‘Am I next?’: Killings in El Salvador leave transgender people in fear

Every time the neighborhood dogs bark at night, Teresa, a 44-year-old transgender woman in El Salvador, wakes up in a panic.

“I think that someone is coming to kill me,” said Teresa, a shopkeeper in the coastal town of San Juan Talpa. “I live in constant fear.”

Three transgender people were killed in San Juan Talpa in February alone, police say, spreading fear through members of El Salvador’s lesbian, gay, bisexual, transgender (LGBT) community.

The spate of murders puts a spotlight on the violence El Salvador’s LGBT community faces, a problem rights activists blame on powerful street gangs and entrenched social prejudices.

Until recently, the LGBT community in San Luis Talpa, a town surrounded by fertile green hills an hour’s drive from the capital San Salvador, had a softball team that used to play near the beach. But they have since stopped in fear they could be next in the firing line.

The town’s latest victim was Elizabeth Castillo, a transgender woman, who police say was kidnapped in February after attending the funeral of two transgender women. Her body, showing signs of torture, was then found dumped on the roadside.

So far, no one has been arrested.

“The gangs don’t accept lesbians, gay boys or transgender people. Diversity doesn’t fit into their rules,” said Teresa, who did not want to give her full name.


El Salvador is one of the world’s deadliest countries outside a war zone. Entire city neighborhoods are controlled by two powerful gangs – Barrio 18 and its rival Mara Salvatrucha.

To maintain control, gang members extort money at gunpoint, rape women and girls and murder.

Not only are LGBT people victims of general gang violence, like other Salvadorans, they are also persecuted because of their sexual orientation.

Same-sex marriage is not recognized by law, and transgender people are not allowed to change to the gender they identify with on public documents.

The country’s influential Roman Catholic Church and most evangelical churches publicly condemn gay marriage and sex.

“They are criminalizing us,” said Karla Avelar, head of rights group, Communicating and Training Transwomen (COMCAVIS). “They use the word of God and the Bible to judge us. It’s destroying us.”

Last year, 25 members of the LGBT community were killed across the small country of six million, and seven transgender people have been murdered so far this year, according to Vanda Pignato, the government secretary for social inclusion.

“I’m very worried and not only because of the recent murders in San Luis Talpa,” Pignato said.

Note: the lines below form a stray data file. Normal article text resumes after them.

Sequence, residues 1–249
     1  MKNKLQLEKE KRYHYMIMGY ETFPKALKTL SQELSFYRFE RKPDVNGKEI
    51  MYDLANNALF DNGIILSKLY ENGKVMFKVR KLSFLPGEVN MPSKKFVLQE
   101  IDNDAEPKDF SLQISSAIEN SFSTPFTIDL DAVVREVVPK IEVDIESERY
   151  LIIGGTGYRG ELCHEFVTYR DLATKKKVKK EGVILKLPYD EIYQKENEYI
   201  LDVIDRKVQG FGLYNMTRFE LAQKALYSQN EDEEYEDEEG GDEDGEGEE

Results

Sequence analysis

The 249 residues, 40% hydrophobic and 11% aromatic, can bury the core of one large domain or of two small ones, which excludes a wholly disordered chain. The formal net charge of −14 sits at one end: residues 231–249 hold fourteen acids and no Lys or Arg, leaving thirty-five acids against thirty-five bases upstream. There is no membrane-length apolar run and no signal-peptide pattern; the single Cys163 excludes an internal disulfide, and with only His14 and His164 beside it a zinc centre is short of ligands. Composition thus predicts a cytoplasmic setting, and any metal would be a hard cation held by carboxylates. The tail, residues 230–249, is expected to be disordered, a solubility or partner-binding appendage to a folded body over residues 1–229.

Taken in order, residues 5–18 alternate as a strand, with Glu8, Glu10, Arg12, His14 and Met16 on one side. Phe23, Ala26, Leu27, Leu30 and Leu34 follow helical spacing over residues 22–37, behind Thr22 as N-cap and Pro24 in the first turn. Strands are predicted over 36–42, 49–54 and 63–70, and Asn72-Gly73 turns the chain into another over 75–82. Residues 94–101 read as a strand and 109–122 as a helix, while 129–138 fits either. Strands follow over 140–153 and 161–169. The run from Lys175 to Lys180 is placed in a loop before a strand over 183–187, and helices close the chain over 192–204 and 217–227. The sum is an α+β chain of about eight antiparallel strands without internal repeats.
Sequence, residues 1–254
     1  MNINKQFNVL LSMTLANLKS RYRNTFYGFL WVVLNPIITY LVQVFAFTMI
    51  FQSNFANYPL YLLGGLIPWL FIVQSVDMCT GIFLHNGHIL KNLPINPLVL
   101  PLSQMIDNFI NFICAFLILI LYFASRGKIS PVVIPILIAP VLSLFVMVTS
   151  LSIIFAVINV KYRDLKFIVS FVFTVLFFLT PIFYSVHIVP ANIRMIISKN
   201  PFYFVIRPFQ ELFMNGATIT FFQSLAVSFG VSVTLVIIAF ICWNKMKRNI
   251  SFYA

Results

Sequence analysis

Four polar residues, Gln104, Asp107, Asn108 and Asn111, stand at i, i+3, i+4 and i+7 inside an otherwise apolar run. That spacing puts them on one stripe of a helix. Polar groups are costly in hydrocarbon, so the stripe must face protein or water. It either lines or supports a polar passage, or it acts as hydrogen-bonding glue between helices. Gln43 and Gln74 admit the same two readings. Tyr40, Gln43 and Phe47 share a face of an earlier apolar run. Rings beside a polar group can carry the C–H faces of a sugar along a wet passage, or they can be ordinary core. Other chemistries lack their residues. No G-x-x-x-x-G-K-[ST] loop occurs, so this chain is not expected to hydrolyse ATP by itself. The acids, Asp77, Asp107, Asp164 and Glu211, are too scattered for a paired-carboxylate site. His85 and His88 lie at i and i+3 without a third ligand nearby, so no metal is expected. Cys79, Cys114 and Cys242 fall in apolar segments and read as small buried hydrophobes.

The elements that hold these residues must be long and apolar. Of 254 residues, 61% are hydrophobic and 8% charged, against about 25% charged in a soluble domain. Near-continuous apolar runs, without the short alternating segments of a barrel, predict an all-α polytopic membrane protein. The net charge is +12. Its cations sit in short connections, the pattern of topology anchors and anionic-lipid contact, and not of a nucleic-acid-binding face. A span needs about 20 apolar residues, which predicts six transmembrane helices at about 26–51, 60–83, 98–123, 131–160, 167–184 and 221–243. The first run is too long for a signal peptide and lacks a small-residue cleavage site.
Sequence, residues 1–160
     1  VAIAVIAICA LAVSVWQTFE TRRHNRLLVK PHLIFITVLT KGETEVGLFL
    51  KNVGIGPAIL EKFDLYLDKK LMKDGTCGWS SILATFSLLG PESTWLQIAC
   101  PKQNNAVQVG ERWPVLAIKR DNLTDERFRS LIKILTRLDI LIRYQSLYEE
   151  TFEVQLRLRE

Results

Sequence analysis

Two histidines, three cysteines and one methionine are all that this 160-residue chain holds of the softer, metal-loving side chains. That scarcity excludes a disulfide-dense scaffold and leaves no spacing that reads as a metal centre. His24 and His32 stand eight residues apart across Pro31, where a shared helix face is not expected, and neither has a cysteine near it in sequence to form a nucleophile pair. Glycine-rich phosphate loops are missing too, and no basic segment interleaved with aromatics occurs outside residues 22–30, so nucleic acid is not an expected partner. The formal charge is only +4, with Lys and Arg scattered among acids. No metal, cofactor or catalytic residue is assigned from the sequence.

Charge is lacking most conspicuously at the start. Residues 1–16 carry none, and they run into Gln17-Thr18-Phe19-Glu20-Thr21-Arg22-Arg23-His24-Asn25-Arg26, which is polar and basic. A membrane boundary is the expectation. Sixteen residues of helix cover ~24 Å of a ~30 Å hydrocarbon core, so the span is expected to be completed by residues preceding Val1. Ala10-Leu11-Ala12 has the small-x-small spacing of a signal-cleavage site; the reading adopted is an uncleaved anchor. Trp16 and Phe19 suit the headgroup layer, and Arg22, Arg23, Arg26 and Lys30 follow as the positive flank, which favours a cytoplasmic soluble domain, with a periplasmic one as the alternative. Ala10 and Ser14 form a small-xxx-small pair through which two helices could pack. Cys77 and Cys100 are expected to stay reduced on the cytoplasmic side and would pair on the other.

“We have to understand that the LGBT community are citizens like all of us,” she told the Thomson Reuters Foundation.

But intolerance in the socially conservative nation is an obstacle to change. A 2013 survey by the U.S.-based Pew Research Centre found nearly two thirds of Salvadorans believed society should not accept homosexuality.

A 2012 government survey also found that some Salvadorans view homosexuality as an illness that should be cured.

Two in every five LGBTI people of the 400 surveyed said they had undergone some kind of therapy, of which half had been recommended by a psychologist.


Tens of thousands of Salvadorans are driven from their homes every year to escape gang violence and poverty, and LBGT people are also fleeing the country in fear of their lives.

The United Nations Refugee Agency (UNHCR) calls the exodus from El Salvador and other Central American nations – Honduras and Guatemala – plagued by gang violence a “refugee crisis”.

This year in San Juan Talpa, around 40 transgender people have fled their homes, according to COMCAVIS.

“Many transgender people have been forced to migrate to other countries to safeguard their own lives,” said Avelar of COMCAVIS, who has survived two murder attempts.

Across El Salvador, at least 136 LGBT people have fled the country since 2012, she said, seeking refuge in Europe, the United States and Mexico.

“LGBT people who seek asylum have faced serious risks and are doubly discriminated against,” said Francesca Fontanini, UNHCR’s spokeswoman in Mexico.

Across the region, violence against the LGBT community is widespread. Latin America is the world’s deadliest region for LGBTI people, according to research group, Transrespect versus Transphobia Worldwide (TvT).

The Inter-American Commission of Human Rights (IACHR) said it received reports of at least 41 attacks and murders of LGBTI people across the region this year.

“This situation is disturbing and unsustainable,” Francisco Eguiguren, IACHR rapporteur on the rights of LGBTI people, said in a statement last week. “There must be no impunity.”

El Salvador has taken steps to better protect LGBT people.

In 2015 lawmakers recognized hate crimes motivated by gender or sexual orientation and imposed tougher jail sentences. But so far no one has been convicted under the law, activists say.

Meanwhile Teresa is mulling whether to leave her home and begin the overland journey to Mexico to seek refuge.

“With a doubt, I’ve thought about being far away from this country because staying here the gangs find you,” Teresa said.

(Writing by Anastasia Moloney @anastasiabogota, Editing by Ros Russell.; Please credit the Thomson Reuters Foundation, the charitable arm of Thomson Reuters, that covers humanitarian news, women’s rights, trafficking, property rights, climate change and resilience. Visit news.trust.org)

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